IEA Says Russia Could Do More to Boost Europe’s Gas Supply
(Bloomberg) -- The International Energy Agency called on Russia to supply more natural gas to Europe, saying the energy crunch was an opportunity for the country to show it’s a “reliable supplier.”
Russia is meeting its contractual obligations to ship gas to Europe, but its exports to the continent are still down from levels in 2019, before the global pandemic, the agency said. More gas flowing from the east would help Europe boost its stockpiles before the winter.
Gas prices in Europe are breaking records day after day as top supplier Russia keeps a cap on the additional flows needed to refill storage sites. Norway has struggled to sell more due to heavy maintenance while Asia is scooping up cargoes of liquefied natural gas, leaving Europe starved of the fuel just a few weeks before the heating season starts.
“Russia could do more to increase gas availability to Europe and ensure storage is filled to adequate levels in preparation for the coming winter heating season,” the IEA said in a statement on its website. “This is also an opportunity for Russia to underscore its credentials as a reliable supplier to the European market.”
Gazprom PJSC, Russia’s state-owned gas producer, didn’t immediately respond to a request for comment.
The IEA was created to defend the energy interests of rich industrialized countries. The agency is no stranger to interventions in the oil market, sometimes calling on OPEC to boost supply and on rare occasions coordinating the release of emergency fuel stockpiles. It’s less common for the Paris-based organization to get involved in gas markets.
Energy prices are soaring from the U.S. to Europe and Asia as economies rebound from the global pandemic and people return to the office. In Europe, gas supplies were already low after a long cold winter left storage sites depleted, and refilling them hasn’t been easy.
Europe is entering the winter with the lowest inventories in more than a decade, leaving the market vulnerable to price volatility when the sun isn’t shining or the wind isn’t blowing -- curbing the output of renewable power.
“Going forward, the European gas market could well face further stress tests from unplanned outages and sharp cold spells, especially if they occur late in the winter,” the IEA said.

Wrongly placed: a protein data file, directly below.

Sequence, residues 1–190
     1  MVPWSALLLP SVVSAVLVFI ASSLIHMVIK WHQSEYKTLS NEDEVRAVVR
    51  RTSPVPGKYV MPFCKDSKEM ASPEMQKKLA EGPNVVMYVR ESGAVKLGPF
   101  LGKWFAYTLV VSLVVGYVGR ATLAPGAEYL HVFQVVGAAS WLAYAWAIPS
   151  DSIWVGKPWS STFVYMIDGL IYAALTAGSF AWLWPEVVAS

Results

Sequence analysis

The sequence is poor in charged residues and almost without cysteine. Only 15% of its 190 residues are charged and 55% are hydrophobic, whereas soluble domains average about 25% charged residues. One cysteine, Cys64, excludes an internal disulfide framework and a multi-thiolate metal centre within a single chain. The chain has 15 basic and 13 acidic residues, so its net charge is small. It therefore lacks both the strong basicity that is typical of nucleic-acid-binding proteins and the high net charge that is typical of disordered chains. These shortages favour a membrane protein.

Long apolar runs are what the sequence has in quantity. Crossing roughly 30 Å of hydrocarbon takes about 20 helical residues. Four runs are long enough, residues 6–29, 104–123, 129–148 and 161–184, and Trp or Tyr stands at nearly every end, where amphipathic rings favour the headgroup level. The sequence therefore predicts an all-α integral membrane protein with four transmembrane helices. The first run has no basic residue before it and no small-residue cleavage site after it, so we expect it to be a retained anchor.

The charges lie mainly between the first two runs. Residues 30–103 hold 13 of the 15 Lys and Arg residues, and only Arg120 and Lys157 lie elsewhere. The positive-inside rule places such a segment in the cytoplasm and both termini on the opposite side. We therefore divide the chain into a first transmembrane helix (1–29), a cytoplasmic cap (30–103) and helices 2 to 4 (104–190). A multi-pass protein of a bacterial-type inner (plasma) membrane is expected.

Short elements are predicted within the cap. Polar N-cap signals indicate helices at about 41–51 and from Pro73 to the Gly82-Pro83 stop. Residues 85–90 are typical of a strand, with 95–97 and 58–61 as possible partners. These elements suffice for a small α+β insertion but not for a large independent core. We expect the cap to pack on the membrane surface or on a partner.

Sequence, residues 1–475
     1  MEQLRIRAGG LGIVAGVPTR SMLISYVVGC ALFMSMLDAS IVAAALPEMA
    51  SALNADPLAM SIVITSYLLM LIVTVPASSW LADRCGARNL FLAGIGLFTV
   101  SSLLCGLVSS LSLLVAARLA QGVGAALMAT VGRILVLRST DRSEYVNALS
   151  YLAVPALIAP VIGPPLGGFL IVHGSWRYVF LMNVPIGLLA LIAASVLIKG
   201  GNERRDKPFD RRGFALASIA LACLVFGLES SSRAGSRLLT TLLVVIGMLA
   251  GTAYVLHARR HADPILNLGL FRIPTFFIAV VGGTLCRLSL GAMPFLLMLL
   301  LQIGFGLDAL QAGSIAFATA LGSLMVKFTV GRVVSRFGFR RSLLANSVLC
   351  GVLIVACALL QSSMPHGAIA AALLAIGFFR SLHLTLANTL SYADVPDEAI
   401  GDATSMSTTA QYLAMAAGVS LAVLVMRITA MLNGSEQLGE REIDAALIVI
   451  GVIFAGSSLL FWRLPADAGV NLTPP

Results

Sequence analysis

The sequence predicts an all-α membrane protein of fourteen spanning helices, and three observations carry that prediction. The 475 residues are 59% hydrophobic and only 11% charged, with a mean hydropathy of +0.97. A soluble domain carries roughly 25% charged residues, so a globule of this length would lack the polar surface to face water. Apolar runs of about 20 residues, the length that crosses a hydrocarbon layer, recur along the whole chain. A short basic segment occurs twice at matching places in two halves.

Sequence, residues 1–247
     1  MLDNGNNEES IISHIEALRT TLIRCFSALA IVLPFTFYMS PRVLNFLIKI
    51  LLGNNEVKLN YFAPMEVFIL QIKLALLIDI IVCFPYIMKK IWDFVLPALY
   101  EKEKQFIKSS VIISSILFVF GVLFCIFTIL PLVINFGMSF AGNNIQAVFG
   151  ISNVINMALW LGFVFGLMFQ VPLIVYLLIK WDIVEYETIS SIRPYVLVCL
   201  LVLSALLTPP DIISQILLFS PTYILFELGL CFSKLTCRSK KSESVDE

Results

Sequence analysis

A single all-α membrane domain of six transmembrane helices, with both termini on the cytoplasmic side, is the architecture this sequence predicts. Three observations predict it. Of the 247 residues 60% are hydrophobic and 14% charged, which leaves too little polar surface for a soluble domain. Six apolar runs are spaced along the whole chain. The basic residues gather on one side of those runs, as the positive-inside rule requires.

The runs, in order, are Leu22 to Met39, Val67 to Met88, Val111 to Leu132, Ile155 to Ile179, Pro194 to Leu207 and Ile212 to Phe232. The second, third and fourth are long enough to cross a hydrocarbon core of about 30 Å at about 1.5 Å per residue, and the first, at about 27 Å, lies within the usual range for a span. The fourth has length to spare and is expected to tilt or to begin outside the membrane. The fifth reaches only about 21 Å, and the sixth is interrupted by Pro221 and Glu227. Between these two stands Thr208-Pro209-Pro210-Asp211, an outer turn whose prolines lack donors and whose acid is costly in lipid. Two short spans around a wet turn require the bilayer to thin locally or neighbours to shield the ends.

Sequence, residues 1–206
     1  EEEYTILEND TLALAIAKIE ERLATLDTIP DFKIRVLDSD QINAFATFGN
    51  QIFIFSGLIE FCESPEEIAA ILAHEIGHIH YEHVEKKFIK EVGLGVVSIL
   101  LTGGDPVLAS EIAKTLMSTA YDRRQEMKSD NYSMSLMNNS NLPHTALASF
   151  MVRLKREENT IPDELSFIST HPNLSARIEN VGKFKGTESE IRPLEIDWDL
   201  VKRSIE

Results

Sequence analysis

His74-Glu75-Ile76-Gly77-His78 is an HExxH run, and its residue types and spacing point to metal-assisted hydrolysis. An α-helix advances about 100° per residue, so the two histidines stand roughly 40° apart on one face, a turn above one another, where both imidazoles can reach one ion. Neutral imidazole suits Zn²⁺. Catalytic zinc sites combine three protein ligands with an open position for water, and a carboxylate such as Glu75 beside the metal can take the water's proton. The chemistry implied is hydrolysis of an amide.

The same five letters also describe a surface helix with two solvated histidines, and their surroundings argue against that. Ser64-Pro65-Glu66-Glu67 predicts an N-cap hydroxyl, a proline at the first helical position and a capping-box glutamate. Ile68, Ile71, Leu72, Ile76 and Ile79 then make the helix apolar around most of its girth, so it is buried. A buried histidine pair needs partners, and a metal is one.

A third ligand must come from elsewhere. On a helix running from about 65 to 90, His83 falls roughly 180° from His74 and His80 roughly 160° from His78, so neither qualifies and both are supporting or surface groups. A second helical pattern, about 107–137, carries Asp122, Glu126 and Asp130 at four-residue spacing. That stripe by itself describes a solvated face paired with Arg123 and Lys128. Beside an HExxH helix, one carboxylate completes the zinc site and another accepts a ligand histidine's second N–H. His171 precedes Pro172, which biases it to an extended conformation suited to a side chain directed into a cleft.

Europe’s tight natural gas supply and below-normal storage levels are exposing the risk of shortages this winter and liquidity problems, utility giants Engie SA and Uniper SE said at the Gastech conference in Dubai.
“If the level of storage is not very high and the winter is very cold we may have a shortage of gas,” said Didier Holleaux, Engie’s deputy chief executive. “Hopefully the start of the winter will not be too cold in the Northern Hemisphere. If not, we are in trouble.”
Europe is facing gas shortages, but Russia has a crunch of its own. Gazprom has boosted production this year, but it’s directing the additional output to refill depleted storage sites at home. Russia has been producing close to its maximum capacity, but its domestic needs have curbed availability to Europe, according to the Oxford Institute for Energy Studies.
“Russia is not running out of gas and its prolific gas reserves allow Russia to meet much higher overall demand, but this requires time, money, and contractual assurances of offtake,” said OIES Senior Research Fellow Vitaly Yermakov.
Some analysts have argued that Russia has capped flows to Europe as a way to get its controversial Nord Stream 2 pipeline to Germany online. Flows through the link could improve supplies, but the start of commercial operations will depend on regulatory certification -- first in Germany, then at the European Commission. That could run well into next year. U.S. sanctions have also created challenges for the project.
The IEA stressed that it’s wrong to blame the shift away from fossil fuels for the surge in gas prices. The comments came a week after Frans Timmermans, the EU’s climate chief, warned that the record spike in energy prices must not undermine the European Union’s resolve to cut emissions.
“Recent increases in global natural gas prices are the result of multiple factors, and it is inaccurate and misleading to lay the responsibility at the door of the clean energy transition,” said IEA Executive Director Fatih Birol.
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